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Monkeypox scare in India: BMC's guidelines for isolation, management of suspected cases post global outbreak

Monkeypox scare in India is climbing as the rare viral infection is being reported in a number of countries. While no confirmed cases have been found in India, BMC has issued guidelines for isolation and management of the suspected cases.

Health Desk Edited by: Health Desk New Delhi Updated on: May 23, 2022 15:39 IST
Representative image
Image Source : FILE PHOTO

Representative image

Highlights

  • Monkeypox as a rare viral infection from which most people recover in a few weeks
  • So far no case of Monkeypox has been reported in India

Monkeypox scare in India: So far no confirmed cases of Monkeypox have been reported in India. However, keeping in mind the safety of Indians, Brihanmumbai Municipal Corporation Public Health Department (BMC) has issued guidelines for the isolation and management of suspected cases of monkeypox. For the unversed, Monkeypox is a rare viral infection that is usually mild and from which most people recover in a few weeks, according to the UK's National Health Service. However, the disease can prove fatal with the strain causing the current outbreak killing one in 100 infected.

People usually pick up the infection in the tropical areas of west and central Africa and can be transmitted by very close contact with an infected person. The virus does not spread easily between people and the risk to the wider public is said to be very low. The disease, which was first found in monkeys, can be transmitted from person to person through close physical contact -- as well as sexual intercourse, Daily Mail reported. There is no specific vaccine for monkeypox, but a smallpox jab offers 85 percent protection since the two viruses are quite similar, BBC reported. 

Related | What is Monkeypox? Know how it spreads, symptoms and treatment

Here are some key points about Monkeypox that you should know

  • Monkeypox is a viral zoonotic disease that occurs primarily in tropical rainforest areas of Central and West Africa and is occasionally exported to other regions.
  • Monkeypox typically presents clinically with fever, rash and swollen lymph nodes and may lead to a range of medical complications.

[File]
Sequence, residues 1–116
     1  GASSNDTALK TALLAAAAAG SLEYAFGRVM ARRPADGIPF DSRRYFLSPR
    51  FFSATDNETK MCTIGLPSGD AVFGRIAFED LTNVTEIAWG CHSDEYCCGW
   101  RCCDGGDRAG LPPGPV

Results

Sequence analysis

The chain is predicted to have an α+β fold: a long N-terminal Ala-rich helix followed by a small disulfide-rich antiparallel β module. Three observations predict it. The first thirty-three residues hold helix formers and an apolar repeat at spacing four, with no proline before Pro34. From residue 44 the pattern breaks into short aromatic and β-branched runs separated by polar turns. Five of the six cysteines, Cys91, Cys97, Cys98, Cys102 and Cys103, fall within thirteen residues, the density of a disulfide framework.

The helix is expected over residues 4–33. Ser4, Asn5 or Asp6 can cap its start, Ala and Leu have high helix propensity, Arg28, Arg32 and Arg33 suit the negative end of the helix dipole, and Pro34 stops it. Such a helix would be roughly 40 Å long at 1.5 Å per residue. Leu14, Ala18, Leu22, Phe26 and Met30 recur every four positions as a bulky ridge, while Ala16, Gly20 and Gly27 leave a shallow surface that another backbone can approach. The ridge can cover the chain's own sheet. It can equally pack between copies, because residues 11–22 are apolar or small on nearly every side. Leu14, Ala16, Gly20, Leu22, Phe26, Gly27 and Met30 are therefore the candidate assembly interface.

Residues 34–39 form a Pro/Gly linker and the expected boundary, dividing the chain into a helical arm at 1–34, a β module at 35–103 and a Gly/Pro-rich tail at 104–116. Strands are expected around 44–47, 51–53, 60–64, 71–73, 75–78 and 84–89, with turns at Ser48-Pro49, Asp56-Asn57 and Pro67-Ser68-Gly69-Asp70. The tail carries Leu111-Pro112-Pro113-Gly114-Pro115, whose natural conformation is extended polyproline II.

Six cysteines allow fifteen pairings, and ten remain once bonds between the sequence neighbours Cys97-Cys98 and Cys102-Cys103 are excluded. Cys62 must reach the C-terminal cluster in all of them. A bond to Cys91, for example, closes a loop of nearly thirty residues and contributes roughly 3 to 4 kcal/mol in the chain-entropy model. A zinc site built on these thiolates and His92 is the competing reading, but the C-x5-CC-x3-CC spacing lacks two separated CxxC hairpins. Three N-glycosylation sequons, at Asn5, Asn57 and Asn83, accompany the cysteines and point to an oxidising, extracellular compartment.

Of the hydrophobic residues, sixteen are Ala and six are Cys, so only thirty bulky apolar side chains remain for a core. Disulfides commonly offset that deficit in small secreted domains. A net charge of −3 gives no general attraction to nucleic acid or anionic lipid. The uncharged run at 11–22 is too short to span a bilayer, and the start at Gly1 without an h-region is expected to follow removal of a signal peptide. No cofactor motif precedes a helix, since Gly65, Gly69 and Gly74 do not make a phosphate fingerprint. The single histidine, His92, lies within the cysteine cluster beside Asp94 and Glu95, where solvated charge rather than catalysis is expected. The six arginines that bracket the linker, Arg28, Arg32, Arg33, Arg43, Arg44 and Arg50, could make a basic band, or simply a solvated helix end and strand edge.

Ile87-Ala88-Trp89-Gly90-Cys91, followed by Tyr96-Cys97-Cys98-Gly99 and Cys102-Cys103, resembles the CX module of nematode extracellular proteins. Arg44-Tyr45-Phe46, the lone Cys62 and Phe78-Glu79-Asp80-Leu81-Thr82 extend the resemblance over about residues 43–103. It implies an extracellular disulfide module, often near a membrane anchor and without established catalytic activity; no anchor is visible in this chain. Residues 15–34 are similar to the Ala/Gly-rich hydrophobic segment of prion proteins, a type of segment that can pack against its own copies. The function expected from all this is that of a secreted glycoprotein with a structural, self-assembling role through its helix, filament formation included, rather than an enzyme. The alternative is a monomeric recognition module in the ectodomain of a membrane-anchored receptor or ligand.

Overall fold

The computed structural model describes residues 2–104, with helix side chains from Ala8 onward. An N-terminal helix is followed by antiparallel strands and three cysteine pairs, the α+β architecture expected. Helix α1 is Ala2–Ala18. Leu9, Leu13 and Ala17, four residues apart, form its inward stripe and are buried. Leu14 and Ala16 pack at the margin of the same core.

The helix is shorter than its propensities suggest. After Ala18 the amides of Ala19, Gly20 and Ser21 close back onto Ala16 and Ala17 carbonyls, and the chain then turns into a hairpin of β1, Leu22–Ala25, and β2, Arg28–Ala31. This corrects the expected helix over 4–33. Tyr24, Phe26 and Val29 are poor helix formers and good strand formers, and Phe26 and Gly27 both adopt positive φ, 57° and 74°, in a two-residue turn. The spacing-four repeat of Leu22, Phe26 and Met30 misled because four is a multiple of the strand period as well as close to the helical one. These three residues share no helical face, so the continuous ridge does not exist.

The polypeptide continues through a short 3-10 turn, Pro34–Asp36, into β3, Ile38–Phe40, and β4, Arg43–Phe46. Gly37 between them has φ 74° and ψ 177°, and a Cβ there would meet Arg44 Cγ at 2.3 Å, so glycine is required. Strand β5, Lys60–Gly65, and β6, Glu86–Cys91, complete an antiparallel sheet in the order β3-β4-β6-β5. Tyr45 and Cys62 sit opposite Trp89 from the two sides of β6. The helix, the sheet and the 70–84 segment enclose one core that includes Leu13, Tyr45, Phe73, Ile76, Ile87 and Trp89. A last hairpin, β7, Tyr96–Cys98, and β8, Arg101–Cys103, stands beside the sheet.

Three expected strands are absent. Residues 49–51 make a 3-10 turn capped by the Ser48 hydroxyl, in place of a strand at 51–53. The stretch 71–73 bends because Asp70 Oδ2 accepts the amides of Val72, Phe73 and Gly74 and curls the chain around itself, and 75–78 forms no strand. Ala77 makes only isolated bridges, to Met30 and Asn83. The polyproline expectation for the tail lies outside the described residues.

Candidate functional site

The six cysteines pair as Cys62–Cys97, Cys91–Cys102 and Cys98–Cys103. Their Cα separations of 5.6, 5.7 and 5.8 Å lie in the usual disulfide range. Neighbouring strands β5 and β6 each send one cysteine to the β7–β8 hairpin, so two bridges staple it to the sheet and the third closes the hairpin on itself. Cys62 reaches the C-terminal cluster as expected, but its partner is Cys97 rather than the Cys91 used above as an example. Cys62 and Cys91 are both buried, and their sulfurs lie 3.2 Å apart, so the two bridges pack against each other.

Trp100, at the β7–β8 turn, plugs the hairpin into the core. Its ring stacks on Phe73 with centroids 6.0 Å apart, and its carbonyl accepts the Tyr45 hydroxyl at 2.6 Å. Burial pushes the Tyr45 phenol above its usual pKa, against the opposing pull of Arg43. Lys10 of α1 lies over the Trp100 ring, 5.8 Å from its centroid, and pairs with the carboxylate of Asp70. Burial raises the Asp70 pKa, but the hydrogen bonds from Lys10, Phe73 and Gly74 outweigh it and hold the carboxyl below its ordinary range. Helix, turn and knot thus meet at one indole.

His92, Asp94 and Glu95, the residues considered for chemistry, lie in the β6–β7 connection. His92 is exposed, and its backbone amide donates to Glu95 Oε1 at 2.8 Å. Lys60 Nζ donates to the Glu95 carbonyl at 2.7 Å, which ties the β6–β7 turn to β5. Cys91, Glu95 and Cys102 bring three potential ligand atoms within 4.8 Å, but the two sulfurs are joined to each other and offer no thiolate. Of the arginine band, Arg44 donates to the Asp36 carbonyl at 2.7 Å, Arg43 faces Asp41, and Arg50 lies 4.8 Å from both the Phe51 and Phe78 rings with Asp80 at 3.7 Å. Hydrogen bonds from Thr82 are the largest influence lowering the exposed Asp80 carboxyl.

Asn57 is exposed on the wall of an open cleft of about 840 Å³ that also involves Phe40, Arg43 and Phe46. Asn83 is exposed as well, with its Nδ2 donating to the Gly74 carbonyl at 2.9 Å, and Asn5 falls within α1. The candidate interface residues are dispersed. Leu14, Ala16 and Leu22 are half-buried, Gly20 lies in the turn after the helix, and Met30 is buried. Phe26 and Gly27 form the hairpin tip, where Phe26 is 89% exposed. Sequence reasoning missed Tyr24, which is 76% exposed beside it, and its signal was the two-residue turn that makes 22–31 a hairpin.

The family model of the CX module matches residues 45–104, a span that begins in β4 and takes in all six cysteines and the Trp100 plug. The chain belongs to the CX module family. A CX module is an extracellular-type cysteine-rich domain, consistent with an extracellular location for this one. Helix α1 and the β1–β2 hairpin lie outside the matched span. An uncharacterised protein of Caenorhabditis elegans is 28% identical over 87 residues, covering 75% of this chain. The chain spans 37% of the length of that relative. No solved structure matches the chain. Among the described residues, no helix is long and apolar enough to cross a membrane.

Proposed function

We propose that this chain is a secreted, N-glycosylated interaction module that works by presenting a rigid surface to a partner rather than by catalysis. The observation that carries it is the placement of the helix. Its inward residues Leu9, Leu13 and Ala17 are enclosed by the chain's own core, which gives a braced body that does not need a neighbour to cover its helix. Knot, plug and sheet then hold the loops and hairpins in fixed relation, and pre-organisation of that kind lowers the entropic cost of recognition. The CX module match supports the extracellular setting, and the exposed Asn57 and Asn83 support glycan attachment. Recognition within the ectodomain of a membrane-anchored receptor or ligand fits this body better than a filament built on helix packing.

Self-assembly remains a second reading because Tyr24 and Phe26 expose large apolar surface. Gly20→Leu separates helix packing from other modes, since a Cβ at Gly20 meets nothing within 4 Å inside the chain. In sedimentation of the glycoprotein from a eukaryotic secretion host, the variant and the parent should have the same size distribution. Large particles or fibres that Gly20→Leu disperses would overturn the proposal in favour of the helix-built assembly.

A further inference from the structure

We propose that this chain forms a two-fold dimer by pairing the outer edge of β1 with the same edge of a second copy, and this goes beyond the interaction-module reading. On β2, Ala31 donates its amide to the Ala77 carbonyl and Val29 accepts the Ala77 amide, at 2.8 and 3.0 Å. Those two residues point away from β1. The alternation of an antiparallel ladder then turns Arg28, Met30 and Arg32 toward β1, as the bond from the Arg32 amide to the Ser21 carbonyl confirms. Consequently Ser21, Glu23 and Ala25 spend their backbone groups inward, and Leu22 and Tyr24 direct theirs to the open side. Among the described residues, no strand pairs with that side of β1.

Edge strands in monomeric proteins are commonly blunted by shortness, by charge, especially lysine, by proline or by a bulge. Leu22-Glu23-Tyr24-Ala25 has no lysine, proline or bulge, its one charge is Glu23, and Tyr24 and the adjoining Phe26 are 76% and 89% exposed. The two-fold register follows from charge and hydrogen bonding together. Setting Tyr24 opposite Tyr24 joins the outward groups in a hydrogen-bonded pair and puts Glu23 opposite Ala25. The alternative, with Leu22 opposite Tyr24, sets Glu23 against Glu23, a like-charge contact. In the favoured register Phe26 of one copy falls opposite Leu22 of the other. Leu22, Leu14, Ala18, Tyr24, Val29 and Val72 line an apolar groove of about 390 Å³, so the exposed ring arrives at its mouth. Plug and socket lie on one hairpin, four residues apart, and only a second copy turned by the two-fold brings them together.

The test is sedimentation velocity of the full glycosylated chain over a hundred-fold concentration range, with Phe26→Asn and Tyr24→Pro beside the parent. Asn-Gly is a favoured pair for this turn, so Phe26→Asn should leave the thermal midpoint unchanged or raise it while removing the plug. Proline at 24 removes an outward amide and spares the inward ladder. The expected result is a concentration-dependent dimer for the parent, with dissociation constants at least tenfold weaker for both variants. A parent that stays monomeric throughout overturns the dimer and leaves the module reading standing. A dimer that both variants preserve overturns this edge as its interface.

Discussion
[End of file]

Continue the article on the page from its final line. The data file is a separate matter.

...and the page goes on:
• Monkeypox is usually a self-limited disease with symptoms lasting from 2 to 4 weeks. Severe cases can occur. Case fatality rate may vary from 1-10%
  • Monkeypox can be transmitted from Animal to Humans as well as human to human. The virus enters the body through broken skin (even if not visible), respiratory tract, or mucous membranes (eyes, nose, or mouth).
  • Animal-to-human transmission may occur by bite or scratch, bushmeat preparation(Bushmeat is meat from wildlife species) , direct contact with body fluids or lesion material, or indirect contact with lesion material, such as through contaminated bedding.
  • Human-to-human transmission is thought to occur primarily through large respiratory droplets generally requiring a prolonged close contact.
  • It can also be transmitted through direct contact with body fluids or lesion material, and indirect contact with lesion material, such as through contaminated clothing or linens of an infected person.
  • The clinical presentation of monkeypox resembles that of smallpox, a related orthopoxviral infection which was declared eradicated worldwide in 1980. Monkeypox is less contagious than smallpox and causes less severe illness.
  • Incubation period is usually 7-14 days but can range from 5-21 days and the person is usually not contagious during this period.
  • An infected person may transmit the disease from 1-2 days before appearance of the rash and remain contagious till all the scabs fall off.

Monkeypox cases in the world

Monkeypox non-endemic countries are Australia, Belgium, Canada, Germany, France, Italy, Portugal, Spain, Sweden, U.K., U.S.A.

Monkeypox endemic countries are Benin, Cameroon, the Central African Republic, the Democratic Republic of the Congo, Gabon, Ghana (identified in animals only), Ivory Coast, Liberia, Nigeria, the Republic of the Congo, Sierra Leone, and South Sudan.

Monkeypox cases in India

As of date (23rd May 2022) no suspected or confirm cases of Monkeypox have been reported in Mumbai.

BMC's guidelines for isolation and management of suspected cases of monkeypox

1. Airport authorities are screening the passengers coming from endemic and non-endemic countries showing outbreaks.
2. For isolation of suspected cases separate ward at Kasturba Hospital, ward No. 30 (28 Beds) is prepared, and their testing samples will be sent to NIV Pune laboratory.
3. All Health facilities of Mumbai are being informed to notify and refer any suspected case to Kasturba Hospital...